The Nigerian Bureau of Statistics (NBS) will release the inflation figures for the month of March on April 15. Our time series model is forecasting a 0.47% jump in headline inflation to 17.8% (±0.2%).
This will be the 19th consecutive monthly increase and a 48-month high. Exchange rate pressures have proven to be one of the principal inflation drivers in Nigeria. Manufacturers are currently experiencing difficulties in securing imported raw materials as forex rationing continues to take its toll.
This pushed up import costs and reduced output, evidenced by the 3.02% drop in FBN PMI to 51.4pts in March. The decline in imported raw materials is forcing manufacturers to look inwards for local substitutes, reducing the supply of commodities to retail markets.
Aggregate domestic output has been constrained by disruptions, low productivity (-0.5%) and logistics constraints. The FGN’s borrowings (ways and means advances) have also increased the money supply, exacerbating inflationary pressures.
Rising food inflation — Nigeria not alone
Our analysis reveals that both the food and core sub-indices are likely to increase in the month of March.
Food inflation is projected to rise to 22.3% while the core sub-index could climb to 12.6%. Notably, rising food inflation is not a Nigeria-specific phenomenon. According to the Food and Agriculture Organization, the Global Food Price Index rose by 2.1% to 118.5pts in March. This was driven by strong demand for basic foodstuffs such as vegetable oils, meat and dairy.
Month-on-month inflation to drop on weak consumer demand
Month-on-month inflation, which has oscillated in the last three months, is projected to decline to 1.26% (16.17% annualized) in March from 1.54 (20.22% annualized) in February. Weak aggregate demand and consumer resistance to price increases have forced most manufacturers to bear the burden of higher production costs.
This is unlikely to be sustained in the coming month as expenses continue to climb, squeezing corporate margins. Also, brand loyalty is being tested as commodity prices increase, forcing consumers especially at the bottom of the income pyramid to shift to relatively cheaper commodities.
Monetary conditions and monetary policy
The sharp increase in headline inflation is likely to force the CBN to reconsider resuming its tightening cycle. Typically, monetary conditions and monetary policy move in opposite directions to keep the price level under control. When monetary conditions are loose, the CBN adopts a tight monetary policy stance to ensure price stability and vice versa.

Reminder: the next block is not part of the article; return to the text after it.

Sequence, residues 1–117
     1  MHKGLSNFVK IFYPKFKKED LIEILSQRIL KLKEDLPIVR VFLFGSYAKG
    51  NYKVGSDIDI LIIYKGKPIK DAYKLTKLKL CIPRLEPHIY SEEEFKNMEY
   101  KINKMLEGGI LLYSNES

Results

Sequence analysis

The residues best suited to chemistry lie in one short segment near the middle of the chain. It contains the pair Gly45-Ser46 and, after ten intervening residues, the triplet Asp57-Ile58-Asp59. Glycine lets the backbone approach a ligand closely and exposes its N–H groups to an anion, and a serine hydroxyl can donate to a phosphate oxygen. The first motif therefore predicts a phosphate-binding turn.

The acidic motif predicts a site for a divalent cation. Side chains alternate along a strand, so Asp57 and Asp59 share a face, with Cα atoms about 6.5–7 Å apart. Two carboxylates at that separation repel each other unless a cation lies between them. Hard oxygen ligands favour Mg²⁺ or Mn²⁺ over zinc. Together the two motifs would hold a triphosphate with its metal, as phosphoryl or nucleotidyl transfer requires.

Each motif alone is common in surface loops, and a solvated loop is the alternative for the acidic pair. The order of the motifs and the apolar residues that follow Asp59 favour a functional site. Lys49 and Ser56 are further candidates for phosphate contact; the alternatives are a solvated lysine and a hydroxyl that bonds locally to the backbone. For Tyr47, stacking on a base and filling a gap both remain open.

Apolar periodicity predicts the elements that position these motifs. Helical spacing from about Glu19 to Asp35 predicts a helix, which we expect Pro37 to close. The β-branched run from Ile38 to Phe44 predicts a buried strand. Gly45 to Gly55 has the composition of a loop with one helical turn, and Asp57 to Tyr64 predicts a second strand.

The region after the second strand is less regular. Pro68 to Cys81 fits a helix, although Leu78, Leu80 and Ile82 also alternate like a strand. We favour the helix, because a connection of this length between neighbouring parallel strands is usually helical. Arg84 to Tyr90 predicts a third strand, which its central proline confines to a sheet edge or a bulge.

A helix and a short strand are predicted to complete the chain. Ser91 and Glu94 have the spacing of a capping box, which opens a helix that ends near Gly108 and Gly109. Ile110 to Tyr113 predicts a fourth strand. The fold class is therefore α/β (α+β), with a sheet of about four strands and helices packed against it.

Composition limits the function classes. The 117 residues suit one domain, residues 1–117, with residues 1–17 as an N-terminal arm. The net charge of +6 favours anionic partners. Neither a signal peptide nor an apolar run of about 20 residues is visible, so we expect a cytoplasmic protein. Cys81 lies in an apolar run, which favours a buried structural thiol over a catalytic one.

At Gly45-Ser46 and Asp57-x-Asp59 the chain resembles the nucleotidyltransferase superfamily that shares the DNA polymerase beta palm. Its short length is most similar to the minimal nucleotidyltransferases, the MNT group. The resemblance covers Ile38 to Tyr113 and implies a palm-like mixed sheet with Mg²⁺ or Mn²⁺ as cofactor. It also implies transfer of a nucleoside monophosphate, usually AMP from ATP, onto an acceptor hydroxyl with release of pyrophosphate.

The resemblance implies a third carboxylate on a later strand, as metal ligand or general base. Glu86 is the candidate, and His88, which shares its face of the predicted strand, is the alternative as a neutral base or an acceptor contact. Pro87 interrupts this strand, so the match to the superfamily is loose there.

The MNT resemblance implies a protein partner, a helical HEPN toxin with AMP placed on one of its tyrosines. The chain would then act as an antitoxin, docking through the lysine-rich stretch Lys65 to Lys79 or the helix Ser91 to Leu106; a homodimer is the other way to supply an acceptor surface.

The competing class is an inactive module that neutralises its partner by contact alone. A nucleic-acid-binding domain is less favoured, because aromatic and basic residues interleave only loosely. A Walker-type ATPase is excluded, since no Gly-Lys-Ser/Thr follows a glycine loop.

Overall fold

With inflation spiralling and currently double the upper band of the CBN’s inflation target (9%), a likely increase in interest rates is not only imminent but almost inevitable. The good news is that policymakers are becoming increasingly aware of the need to increase interest rates before inflation spirals out of control.
A third of the committee members (MPC) voted for a rate hike at the MPC meeting in March. This is likely to increase towards a majority of members in the month of May.
Rising interest rates to reduce the negative real rate of return It appears the CBN is using its orthodox policy tools to change the interest rate direction. Yields on the 364-day T/bills tenor increased to 8.0% from 2.0% in January while OMO bills of the same tenor are now slightly above 10%. With interest rates rapidly increasing, the negative rate of return on investment will reduce.
Regional inflation more to the upside
Regional inflationary trends have been increasing since the beginning of the year. This can be largely attributed to higher food prices, weaker currencies, higher energy costs and rising housing and utility expenses. According to the EIU, SSA inflation is projected to average 8.1% in 2021 before edging down to 8.0% in 2022.
The regional central banks are beginning to take steps in taming rising inflation. Zambia’s MPC raised its benchmark interest rate by 50 basis points to 8.5% during its February meeting. Nigeria is likely to follow suit in Q2 as inflation continues its upward trajectory.
What to expect in Q2’21
Headline inflation is expected to continue its upward trend in Q2 as the planting season commences, further exacerbating pricing pressures. The CBN might be forced to adopt a tighter monetary policy stance to curb rising inflation and ensure macroeconomic stability.